Africa

After tears & night vigils remain barred, says Dlamini-Zuma

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She said the banning of other public engagements including religious, political and traditional gatherings was brought on by the sudden increase in cases and deaths linked to COVID-19.

FILE: Cogta Minister Nkosazana Dlamini-Zuma., Picture: GCIS.

JOHANNESBURG – Cooperative Governance and Traditional Affairs Minister Nkosazana Dlamini-Zuma on Tuesday said a sharp rise in coronavirus cases and deaths was the reason why government decided to ban all social, political, traditional and religious gatherings.

She made the remarks earlier during a briefing by members of the national command council.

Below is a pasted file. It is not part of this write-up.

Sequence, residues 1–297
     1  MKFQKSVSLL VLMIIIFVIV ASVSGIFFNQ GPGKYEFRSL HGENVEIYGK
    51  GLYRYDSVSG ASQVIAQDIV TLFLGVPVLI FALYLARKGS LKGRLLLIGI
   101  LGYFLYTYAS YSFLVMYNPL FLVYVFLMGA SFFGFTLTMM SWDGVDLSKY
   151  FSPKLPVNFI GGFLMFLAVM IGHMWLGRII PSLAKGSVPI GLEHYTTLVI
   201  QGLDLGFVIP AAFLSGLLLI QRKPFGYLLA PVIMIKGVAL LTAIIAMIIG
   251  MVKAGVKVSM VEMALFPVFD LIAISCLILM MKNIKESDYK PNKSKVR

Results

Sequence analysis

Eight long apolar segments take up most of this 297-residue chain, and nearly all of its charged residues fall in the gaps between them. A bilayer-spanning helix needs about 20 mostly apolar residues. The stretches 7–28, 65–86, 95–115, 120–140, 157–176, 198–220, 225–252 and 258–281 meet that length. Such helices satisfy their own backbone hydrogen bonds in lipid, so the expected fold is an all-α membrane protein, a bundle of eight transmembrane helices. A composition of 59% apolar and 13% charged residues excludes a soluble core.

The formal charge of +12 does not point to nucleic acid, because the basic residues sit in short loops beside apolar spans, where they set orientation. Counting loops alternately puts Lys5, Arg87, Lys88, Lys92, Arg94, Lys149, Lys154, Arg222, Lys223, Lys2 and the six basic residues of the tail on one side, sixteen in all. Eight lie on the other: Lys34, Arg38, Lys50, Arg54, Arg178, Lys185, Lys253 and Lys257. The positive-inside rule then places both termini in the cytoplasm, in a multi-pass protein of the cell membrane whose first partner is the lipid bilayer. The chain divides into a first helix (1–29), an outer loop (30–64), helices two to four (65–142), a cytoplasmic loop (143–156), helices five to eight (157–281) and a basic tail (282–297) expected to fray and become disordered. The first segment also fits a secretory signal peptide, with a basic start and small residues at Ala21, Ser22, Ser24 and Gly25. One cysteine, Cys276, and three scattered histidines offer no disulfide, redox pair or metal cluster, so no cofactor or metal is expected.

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On Monday night, President Cyril Ramaphosa announced that the country would remain on adjusted level three of the lockdown, the alcohol ban remains, and that land borders would be closed until 15 February

Dlamini-Zuma said only funerals were permitted in restricted forms under the current lockdown level; after tears and night vigils remain barred.

She said the banning of other public engagements including religious, political and traditional gatherings was brought on by the sudden increase in cases and deaths linked to COVID-19.

“But because people have to go back to work, they travel early and that’s why the curfew has been moved back to 5 am.”

Dlamini-Zuma also explained the rationale behind reducing the curfew currently in place by one hour.

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“We’re seeing a sharp rise, not only in infections but also in hospitalisations and in the number of people who are losing their lives.”

Some of these changes will be in place until 15 February after which the national command council will review the restrictions.

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